A Closer Look
The headset is constructed out of really good quality plastics, with a mixture of glossy edges and matt finished panels, giving it a premium look and feel.
The in-line controller is hard wired on the braided cable and comes with all the major functions you should need, including an easy to access microphone mute slider, master volume and chat volume controls, and a PC / console mode toggle.
Around the back you’ll find a sturdy shirt clip, meaning you can ensure the controller is exactly where you need it, when you need it.
On the bottom edge you’ll find a controller connection jack.
The microphone boom is fixed to the side of the ear cup, but can be pivoted up out of the way when not in use.
It features an LED indicator towards the front of the boom that lets you know when you’re muted.
The boom also features a flexible mid section, this means you can bend it a little to a more suitable position, but also means you’re less likely to snap the boom should you be a clumsy oaf.
Each ear cup is pretty deep, this is no doubt required to fit two drivers into each ear cup, the main driver and the bass driver.
The headband is really nicely finished, with a subtle CM Storm inlay on the top rubber coated section.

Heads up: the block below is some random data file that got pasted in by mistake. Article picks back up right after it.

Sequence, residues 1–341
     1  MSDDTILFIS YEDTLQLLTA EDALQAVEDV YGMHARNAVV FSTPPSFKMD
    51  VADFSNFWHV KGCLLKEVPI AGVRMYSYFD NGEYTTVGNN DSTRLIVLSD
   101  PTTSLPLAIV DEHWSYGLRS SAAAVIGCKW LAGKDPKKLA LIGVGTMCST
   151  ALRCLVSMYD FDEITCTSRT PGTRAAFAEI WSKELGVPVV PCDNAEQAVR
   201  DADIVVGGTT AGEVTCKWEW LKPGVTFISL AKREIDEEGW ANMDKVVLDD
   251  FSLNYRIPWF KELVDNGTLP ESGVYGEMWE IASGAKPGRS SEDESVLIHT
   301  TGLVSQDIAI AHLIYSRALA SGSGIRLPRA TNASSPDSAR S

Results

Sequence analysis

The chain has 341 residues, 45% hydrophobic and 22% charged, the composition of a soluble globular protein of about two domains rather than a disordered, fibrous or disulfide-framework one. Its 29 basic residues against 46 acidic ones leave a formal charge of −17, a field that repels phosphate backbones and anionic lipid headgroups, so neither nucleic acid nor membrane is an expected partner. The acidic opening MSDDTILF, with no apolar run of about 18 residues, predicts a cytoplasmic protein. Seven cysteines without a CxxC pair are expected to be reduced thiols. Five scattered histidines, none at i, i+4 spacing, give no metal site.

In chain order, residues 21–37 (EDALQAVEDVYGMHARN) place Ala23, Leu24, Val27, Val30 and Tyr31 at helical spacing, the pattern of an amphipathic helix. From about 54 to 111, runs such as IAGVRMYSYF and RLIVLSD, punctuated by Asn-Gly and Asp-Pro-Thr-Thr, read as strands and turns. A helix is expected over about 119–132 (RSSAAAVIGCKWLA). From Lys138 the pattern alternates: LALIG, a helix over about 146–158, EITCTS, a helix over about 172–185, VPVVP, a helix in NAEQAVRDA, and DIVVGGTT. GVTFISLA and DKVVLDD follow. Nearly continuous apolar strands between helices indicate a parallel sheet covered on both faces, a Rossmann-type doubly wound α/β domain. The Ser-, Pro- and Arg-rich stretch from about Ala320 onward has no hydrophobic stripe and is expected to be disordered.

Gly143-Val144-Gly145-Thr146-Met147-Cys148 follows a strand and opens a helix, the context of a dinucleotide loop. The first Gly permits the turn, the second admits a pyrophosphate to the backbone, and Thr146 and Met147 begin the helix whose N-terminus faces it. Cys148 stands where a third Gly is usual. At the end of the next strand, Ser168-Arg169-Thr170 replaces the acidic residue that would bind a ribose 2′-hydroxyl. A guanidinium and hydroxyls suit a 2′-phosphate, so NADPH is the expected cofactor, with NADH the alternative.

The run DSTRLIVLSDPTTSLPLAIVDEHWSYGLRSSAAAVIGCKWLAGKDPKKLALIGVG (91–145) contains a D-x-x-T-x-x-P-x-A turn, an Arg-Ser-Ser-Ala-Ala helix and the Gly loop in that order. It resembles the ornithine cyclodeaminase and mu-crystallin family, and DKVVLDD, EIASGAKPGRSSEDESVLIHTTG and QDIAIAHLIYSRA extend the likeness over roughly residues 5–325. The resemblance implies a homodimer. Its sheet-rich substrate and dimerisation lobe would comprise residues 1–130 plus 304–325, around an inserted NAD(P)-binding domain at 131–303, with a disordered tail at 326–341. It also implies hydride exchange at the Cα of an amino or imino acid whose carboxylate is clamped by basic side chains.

Some thick memory foam padding with a high quality cloth covering on the top will help provide a good fit and extra comfort for those long gaming sessions.
The back of each drive features a back-lit CM Storm emblem as well as the CM Storm logo in white just above a small mesh section.
A reinforced metal strip runs through the headset to provide extra support and strength to the size adjustment slider. There is a lot of range to the slider too, so the headset should be suitable for both younger gamers, as well as those with a big noggin like myself.
The ear cups are an over-ear design, with lots of soft padding that should help provide a comfortable fit.
Finally we see that when the headset is powered up (USB required) the in-line controller and the headset light up with a gorgeous white LED light.